So this sounds bad right? You might wonder why this would be allowed if it is so destructive and dangerous. Are we at Mountain Justice just a bunch of tree huggers that are exaggerating the facts? We are a bunch of tree huggers, but the facts are clear… the problem is that the coal companies have TONS of money and TONS of power and TONS and TONS of control over the political system. The EPA and DEP have passed regulations about MTR that are ignored by the coal companies, and are simply not enforced. Also, people don't give a damn about the people of Appalachia, because of all the unfair stereotypes that have been spread by everyone from Jeff Foxworthy to the Beverly Hillbillies. But what I learned by hanging out for the week with these hillbillies, is that they are a force not to be reckoned with. The movements to stop MTR are fierce. The history of coal miners and families of miners rising up in Appalachia is extensive, from the Battle at Blair Mountain, which was the largest civil uprising in U.S. history second to the civil war. The fighting miners wore red handkerchiefs around their necks to mark their people. This is where the term redneck came from, a term that was intentionally coined by the press as a racial slur to discredit and ostracize these unlearned, backwoods hillbillies. Today, the people of Appalachia are rising up again, ready to fight this devastation. Mountain Justice is an group that works in solidarity with the folks of Appalachia, doing things like water and air quality testing, working to create alternative economic options, and most importantly doing direct actions and civil disobedience to stop MTR once and for all. 

The following is a report from a series of actions that took place the day after camp in W. Virginia…


SOLIDARITY FOREVER!!!


17 arrested in anti-mountaintop removal civil disobedience

Seventeen courageous Mountain Justice volunteers were arrested Saturday, May 23 in a three-part civil disobedience action in our continuing movement to end mountaintop removal. Six are still in jail with bogus, unprecedented, $2,000 cash-only bail amounts, slowing their release. Many of them were arrested for the first time with clean records, and all they did was cross a line onto coal company property. We are raising $18,000 to get them out of jail as we move closer to defeating King Coal. Fundraising has bailed out three others since this morning. Thank you all!

The Kayford Eight were charged with trespass and conspiracy for walking onto the 12,000-acre-plus Kayford Mountain mine and locking themselves to a giant dump truck. Placing U-locks around their necks, they attached themselves to guardrails and the driveshaft of the truck after hanging a banner on the truck's grill that read "Never Again!" Here is a statement from the Kayford Eight:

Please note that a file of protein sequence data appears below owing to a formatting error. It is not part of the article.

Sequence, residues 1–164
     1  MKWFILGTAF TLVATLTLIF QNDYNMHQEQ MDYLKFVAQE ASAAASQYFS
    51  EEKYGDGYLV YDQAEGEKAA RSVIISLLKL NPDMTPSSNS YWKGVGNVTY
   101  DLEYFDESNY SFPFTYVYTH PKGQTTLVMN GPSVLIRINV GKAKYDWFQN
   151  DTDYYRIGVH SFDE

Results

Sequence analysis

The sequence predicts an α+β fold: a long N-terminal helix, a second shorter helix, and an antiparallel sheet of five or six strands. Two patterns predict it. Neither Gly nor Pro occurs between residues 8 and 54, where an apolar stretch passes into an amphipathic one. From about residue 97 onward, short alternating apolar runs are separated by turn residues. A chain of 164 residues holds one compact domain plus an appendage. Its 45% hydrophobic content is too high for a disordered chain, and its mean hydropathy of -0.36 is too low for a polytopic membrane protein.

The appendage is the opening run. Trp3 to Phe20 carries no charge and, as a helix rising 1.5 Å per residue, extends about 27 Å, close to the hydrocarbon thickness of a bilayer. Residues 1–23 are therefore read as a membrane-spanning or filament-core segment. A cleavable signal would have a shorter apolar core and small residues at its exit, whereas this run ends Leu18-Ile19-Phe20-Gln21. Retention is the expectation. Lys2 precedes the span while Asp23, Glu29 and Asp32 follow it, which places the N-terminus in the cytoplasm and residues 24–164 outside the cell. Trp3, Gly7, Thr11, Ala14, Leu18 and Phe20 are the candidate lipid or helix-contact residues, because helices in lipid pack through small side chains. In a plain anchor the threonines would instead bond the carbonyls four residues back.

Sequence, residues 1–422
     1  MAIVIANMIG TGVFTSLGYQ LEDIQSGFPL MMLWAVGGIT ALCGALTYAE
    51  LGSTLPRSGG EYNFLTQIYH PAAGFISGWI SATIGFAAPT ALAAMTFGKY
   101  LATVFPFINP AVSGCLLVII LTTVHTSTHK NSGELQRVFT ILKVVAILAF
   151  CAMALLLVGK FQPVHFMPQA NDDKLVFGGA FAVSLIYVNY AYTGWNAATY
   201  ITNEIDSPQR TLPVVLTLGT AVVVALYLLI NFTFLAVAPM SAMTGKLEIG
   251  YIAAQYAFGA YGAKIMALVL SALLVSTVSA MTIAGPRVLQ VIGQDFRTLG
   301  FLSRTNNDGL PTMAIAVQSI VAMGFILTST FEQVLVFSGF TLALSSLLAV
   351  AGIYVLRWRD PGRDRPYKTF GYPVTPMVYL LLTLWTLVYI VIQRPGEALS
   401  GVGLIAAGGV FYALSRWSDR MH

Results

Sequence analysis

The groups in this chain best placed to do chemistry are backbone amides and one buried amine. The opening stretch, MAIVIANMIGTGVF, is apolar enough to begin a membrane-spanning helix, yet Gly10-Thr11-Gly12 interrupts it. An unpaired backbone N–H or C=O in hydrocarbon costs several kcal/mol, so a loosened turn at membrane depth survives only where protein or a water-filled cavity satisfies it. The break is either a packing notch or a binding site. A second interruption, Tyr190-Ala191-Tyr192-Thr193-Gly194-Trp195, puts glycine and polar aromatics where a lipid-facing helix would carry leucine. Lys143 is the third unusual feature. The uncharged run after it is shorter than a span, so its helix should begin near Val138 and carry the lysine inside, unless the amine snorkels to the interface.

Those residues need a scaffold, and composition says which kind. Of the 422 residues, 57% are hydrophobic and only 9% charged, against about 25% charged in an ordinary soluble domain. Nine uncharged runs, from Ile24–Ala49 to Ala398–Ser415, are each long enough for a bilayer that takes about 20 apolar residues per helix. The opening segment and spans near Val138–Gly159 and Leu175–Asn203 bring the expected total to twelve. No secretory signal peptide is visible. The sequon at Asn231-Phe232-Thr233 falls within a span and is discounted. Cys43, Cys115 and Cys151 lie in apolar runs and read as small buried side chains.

We locked down at the Kayford mountaintop removal site with mud from the Mingo County flood on our boots and now, with the dusty remains of Kayford Mountain on our boots, we stand in solidarity with our sisters and brothers jailed for their actions to oppose mountaintop removal coal mining.
Also before dawn, two brave women, donning hazmat suits and respirators, boated onto the eight-billion-gallon Brushy Fork toxic coal slurry lake and launched a 60-foot floating banner that read "No more toxic sludge!" They were charged with trespass and littering. How can you litter on a giant toxic waste dump? Massey Energy has a permit to blast within 100 feet of this impoundment, which sits atop a honeycomb of abandoned deep mines. In 2000, more than 300 million gallons of coal slurry broke through the bottom of Massey's Martin Co., Ky., impoundment, and into the deep mines beneath, then exploding into two watersheds, smothering aquatic life over 100 miles of streams. A Brushy Fork failure would be over 23 times larger than Martin County.

Saturday's two backcountry actions were followed by a picket at the mouth of Massey Energy's Marfork mining complex, which includes the Brushy Fork dam, where more than 75 Coal River Valley residents and supporters emphasized the deadly danger of that impoundment: the 72-foot peak depth of the sludge at the Head Start facility there should the dam break. Seven people crossed the line onto Marfork's property and were arrested for trespass.

While the Kayford Eight were released the same day, the other nine fared differently. The two Brushy Paddlers and four of the Pettus Seven are being held for $2,000 each, cash only. We know you love and care about the people of Appalachia! Now is the time to demonstrate your support through a donation to help bail out these committed and passionate activists. We really need your support more than ever at this crucial juncture in the movement to end mountaintop removal mining!

If donating by mail, make out a check or money order to Mountain Justice at: P.O. Box 86, Naoma, WV, 25140.

For donations that have a much-needed immediate impact, call 304-854-1937. Thank you!